4. Kick the takeaway habit
I don't know about you, but nothing keeps me going through a bad week like the thought of a Wednesday Dominoes. When I wanted to get serious about saving, though, I asked myself what I was prepared to give up for my dream. Would I rather have savings to gain the independence to pursue my creative dreams, or sit and eat a takeaway alone on a Monday night? When you put it like that, there isn't really a contest.
5. Do everything, but slightly cheaper.
I used to scoff at people who ordered tap water on a meal out, but now I'm having to eat my words instead. I was never going to be able to avoid eating out or grabbing coffee with my friends for a month (the FOMO is real), but by ordering the cheapest options every time (Cappuccino ---> pot of tea; Starter, main, dessert and coffee ----> reasonably priced main course) I managed to knock a chunk off the amount I usually spend on eating out. If I could walk instead of taking the bus or a taxi, I did, and I always ordered a small red wine instead of a large (that alone must have saved me £50 over the month!)
6. Stop buying random crap
Just like when I'm on a diet and suddenly cave and eat a packet of biscuits, there's a little part of the budgeting Isobel that's just dying to blow a couple of hundred quid on must-have sale items. This month, I've managed to limit my random unnecessary purchases to one top that cost £7*, which is frankly the greatest single achievement on this list. Be strict with yourself about what is an essential item (I needed to buy some running trainers, but the embroidered boots I also fancied didn't make the cut).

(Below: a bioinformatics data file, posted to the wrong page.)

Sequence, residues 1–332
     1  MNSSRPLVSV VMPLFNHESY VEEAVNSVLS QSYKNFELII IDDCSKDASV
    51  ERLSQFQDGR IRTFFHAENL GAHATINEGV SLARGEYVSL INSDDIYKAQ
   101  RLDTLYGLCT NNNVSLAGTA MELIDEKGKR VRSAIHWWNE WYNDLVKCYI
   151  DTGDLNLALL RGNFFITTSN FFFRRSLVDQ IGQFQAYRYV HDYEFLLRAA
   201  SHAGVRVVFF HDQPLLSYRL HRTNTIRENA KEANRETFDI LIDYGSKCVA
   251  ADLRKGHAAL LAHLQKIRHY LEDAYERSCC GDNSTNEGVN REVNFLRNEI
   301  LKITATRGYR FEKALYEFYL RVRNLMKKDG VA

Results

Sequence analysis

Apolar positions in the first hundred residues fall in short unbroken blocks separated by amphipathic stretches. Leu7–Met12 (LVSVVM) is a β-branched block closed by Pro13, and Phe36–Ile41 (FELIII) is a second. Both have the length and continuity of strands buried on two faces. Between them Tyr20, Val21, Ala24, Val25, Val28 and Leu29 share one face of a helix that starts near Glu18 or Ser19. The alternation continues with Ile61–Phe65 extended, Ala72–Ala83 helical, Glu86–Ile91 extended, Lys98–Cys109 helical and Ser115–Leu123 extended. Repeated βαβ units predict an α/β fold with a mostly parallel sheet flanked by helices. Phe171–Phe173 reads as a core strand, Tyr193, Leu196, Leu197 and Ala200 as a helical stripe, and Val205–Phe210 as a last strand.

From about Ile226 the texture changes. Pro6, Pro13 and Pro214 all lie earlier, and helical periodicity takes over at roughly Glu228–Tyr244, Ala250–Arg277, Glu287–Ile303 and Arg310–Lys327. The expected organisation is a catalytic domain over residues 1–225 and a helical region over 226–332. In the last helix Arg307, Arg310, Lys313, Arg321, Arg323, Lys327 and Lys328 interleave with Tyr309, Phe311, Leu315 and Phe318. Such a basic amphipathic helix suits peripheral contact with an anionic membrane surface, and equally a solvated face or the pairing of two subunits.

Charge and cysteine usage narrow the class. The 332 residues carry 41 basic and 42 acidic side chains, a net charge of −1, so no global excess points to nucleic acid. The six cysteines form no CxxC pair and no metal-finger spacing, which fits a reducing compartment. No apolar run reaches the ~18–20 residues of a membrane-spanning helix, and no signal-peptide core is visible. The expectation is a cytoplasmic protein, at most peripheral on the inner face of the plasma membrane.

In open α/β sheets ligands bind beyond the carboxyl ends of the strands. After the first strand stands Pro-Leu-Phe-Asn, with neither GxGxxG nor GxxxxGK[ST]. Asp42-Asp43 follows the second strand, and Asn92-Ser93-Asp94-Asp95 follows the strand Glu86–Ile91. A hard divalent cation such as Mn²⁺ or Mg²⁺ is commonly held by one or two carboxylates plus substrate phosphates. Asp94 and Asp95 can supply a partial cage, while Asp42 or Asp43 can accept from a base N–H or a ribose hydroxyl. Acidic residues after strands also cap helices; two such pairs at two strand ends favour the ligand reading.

7. Make sacrifices
If you're hoping to save cash without making any sacrifices, I'm here to burst that bubble right here, right now. With every spend that comes your way, ask yourself, do I want this more than the dream I'm saving for? I've found it surprisingly easy to say no to holidays, concerts and other pricey events just by asking myself if I want that more than my end goal. The answer is pretty much always no.
8. Track everything
Whether you have a budget or not, you need to track your ingoings and outgoings. I love the Spending Tracker app, which keeps a super simple balance sheet of what's going in and out each month. Whether it's a £100 splurge on something you couldn't live without or an 80p bottle of water, tracking keeps you accountable, and helps you see how little habits add up.
Tracking for me acted as a great deterrent to spending - I really, really didn't want to have to record it, so, miraculously, I didn't buy it.
9. Tell people you're trying to save
Few friends would be so hard-hearted as to not help you choose budget-friendly activities if they knew you were trying to save. That's why it's so important to share your goals with your loved ones. From agreeing an amnesty on present buying to sharing a cheap bottle of wine rather than a pricy night out, your friends can be there for you to help you on your way to solvency. If they don't know your situation, you can't blame them for wanting to split the bill when you've had tap water and they've downed three bottles of prosecco.
10. Be your own cheerleader
Saving is hard work, and there'll be times when you slip up and spend more than you'd like. That's why it's so important to be there to pat yourself on the back every time things do go according to plan. Celebrate every teeny tiny milestone you hit on the way to your big saving goals, and you'll be surprised at how your piggy bank fills up.
*Since writing this I've remembered that I also bought a £20 dress from Oxfam, but I'm too ashamed to put that in the main body of this preachy post. Hey, at least it's charity.